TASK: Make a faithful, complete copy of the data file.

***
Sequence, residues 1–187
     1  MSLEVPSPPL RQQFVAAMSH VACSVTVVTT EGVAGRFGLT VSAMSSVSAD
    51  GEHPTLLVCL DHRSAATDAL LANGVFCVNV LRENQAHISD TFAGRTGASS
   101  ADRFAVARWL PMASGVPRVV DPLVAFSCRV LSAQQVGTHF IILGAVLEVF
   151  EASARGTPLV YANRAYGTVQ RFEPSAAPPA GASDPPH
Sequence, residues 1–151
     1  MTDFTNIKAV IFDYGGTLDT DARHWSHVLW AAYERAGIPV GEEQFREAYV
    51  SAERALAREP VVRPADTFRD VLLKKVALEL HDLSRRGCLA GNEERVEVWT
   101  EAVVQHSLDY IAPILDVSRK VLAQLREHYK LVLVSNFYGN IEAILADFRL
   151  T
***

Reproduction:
Sequence, residues 1–187
     1  MSLEVPSPPL RQQFVAAMSH VACSVTVVTT EGVAGRFGLT VSAMSSVSAD
    51  GEHPTLLVCL DHRSAATDAL LANGVFCVNV LRENQAHISD TFAGRTGASS
   101  ADRFAVARWL PMASGVPRVV DPLVAFSCRV LSAQQVGTHF IILGAVLEVF
   151  EASARGTPLV YANRAYGTVQ RFEPSAAPPA GASDPPH
Sequence, residues 1–151
     1  MTDFTNIKAV IFDYGGTLDT DARHWSHVLW AAYERAGIPV GEEQFREAYV
    51  SAERALAREP VVRPADTFRD VLLKKVALEL HDLSRRGCLA GNEERVEVWT
   101  EAVVQHSLDY IAPILDVSRK VLAQLREHYK LVLVSNFYGN IEAILADFRL
   151  T